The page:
That said, my bookish buddy Fiona, who blogs over at Fi’s Biblio Files, has recently introduced me to the Chronicles of St Marys series (11 books, 15 short stories, a spin-off series, and counting!) and re-introduced me to Rivers of London (9 novels, several graphic novels, and several short story collections to date) and I am enjoying working my way through those – albeit very slowly!

2. How do you feel about cliffhangers?

It very much depends on the book. I think cliffhangers and ambiguous endings have to be very carefully implemented and controlled to be done well and to not leave the reader frustrated. When they are done well however, a good cliffhanger can leave you desperate to read more – as with The Inheritance Games, which wrapped up one story and then dangled another at the end which I just cannot wait to get to!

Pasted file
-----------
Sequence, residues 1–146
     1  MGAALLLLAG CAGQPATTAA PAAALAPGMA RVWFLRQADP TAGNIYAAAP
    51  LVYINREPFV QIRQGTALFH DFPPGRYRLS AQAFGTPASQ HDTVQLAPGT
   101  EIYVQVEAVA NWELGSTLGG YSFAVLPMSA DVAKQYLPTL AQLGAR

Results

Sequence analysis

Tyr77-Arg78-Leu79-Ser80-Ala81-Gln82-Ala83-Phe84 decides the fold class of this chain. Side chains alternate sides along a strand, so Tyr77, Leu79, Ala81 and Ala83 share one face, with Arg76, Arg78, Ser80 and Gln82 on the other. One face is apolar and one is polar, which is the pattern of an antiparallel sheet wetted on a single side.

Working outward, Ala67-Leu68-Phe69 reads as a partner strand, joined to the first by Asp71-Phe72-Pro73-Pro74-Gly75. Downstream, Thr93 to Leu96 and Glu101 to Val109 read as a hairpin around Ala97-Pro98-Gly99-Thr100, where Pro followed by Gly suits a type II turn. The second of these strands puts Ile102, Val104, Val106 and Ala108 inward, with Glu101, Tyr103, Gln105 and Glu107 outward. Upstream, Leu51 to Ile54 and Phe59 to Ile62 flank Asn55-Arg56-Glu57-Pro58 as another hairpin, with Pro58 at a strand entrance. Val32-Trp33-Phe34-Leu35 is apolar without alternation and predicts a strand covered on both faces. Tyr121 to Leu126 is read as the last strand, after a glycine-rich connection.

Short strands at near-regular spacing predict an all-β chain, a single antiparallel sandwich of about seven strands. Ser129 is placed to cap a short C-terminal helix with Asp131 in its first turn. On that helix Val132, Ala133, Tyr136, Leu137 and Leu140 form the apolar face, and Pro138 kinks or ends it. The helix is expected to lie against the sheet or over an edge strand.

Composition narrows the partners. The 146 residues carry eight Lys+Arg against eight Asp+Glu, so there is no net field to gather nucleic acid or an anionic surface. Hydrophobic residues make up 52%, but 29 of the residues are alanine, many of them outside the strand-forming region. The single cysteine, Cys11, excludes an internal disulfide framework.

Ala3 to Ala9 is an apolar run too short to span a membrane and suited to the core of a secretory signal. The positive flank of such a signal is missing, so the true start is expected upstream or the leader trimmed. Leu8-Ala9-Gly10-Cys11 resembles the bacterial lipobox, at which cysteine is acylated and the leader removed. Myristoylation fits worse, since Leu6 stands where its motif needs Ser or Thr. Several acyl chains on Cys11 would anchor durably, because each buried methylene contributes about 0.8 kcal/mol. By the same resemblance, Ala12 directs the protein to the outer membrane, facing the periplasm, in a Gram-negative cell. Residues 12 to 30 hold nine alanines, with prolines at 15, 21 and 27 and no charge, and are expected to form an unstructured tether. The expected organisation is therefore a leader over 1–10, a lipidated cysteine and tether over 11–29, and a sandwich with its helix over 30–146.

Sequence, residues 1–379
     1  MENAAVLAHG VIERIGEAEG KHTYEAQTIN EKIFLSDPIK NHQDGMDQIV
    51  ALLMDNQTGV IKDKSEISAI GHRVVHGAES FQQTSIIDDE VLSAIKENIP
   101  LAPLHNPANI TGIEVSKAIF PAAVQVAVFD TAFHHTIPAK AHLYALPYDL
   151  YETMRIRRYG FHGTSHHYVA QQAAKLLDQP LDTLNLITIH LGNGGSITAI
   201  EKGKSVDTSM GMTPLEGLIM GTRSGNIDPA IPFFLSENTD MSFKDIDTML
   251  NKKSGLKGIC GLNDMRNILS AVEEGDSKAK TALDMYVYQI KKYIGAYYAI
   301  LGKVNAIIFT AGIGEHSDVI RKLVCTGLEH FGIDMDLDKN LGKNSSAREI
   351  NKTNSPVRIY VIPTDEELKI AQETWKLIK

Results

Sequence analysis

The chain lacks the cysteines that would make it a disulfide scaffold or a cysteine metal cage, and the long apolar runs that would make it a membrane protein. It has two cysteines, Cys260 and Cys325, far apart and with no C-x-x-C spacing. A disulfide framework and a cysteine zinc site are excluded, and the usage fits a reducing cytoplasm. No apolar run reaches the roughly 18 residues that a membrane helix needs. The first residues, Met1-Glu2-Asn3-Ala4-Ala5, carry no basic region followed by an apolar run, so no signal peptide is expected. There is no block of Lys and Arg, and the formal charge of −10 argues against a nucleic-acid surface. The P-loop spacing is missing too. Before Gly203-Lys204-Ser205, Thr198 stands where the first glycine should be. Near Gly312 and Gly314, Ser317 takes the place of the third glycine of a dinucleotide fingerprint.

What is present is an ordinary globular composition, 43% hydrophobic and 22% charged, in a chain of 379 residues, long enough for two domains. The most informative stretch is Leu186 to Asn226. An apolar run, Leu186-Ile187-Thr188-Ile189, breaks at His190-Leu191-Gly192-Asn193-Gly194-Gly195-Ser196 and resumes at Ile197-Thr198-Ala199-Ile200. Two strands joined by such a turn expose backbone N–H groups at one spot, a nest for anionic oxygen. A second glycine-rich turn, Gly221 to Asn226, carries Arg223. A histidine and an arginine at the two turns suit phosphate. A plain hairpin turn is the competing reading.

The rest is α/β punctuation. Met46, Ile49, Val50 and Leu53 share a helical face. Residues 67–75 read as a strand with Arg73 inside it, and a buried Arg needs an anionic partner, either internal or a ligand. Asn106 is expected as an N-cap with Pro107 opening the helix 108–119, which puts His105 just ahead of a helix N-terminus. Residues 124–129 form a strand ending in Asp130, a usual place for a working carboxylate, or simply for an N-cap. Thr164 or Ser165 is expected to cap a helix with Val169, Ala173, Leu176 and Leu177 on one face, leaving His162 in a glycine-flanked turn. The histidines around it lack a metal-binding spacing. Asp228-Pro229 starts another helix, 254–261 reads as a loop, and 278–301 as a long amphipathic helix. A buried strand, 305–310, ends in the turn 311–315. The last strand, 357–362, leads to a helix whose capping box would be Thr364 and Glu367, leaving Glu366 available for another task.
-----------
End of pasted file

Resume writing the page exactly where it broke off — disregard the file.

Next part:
3. Hardback or Paperback?

There are some GORGEOUS special edition hardbacks out there – the independant bookshop edition of Emma Stonex’s wonderful The Lamplighters being my most recent favourite – so I do treat myself to those if I really want to read a book and think it will be a ‘keeper’. The introduction of £12.99 hardbacks for some fiction titles in the UK has also made them much more affordable. Paperback is probably still my preferred reading format though as it’s easier to carry around a paperback than a hardback – and easier on the wrists if the book is a chunkster!

4. Favourite book?

A VERY difficult question as it does vary from day to day. I’m going to go with J R R Tolkien’s The Lord of the Rings though as that’s the book I re-read most frequently. I don’t actually read a lot of high fantasy but there is something about Tolkien that just sweeps me away to my happy place every time I pick the book up.

5. Least favourite book?

I don’t really have one. I made my peace with DNF’ing books I don’t enjoy a long time ago – so if I think a boook is utter bobbins then I probably won’t finish it! There are a fair few books I’ve read that I find deeply problematic but that’s a different question and one that needs more time and space to answer than I have here!

6. Love triangles, yes or no?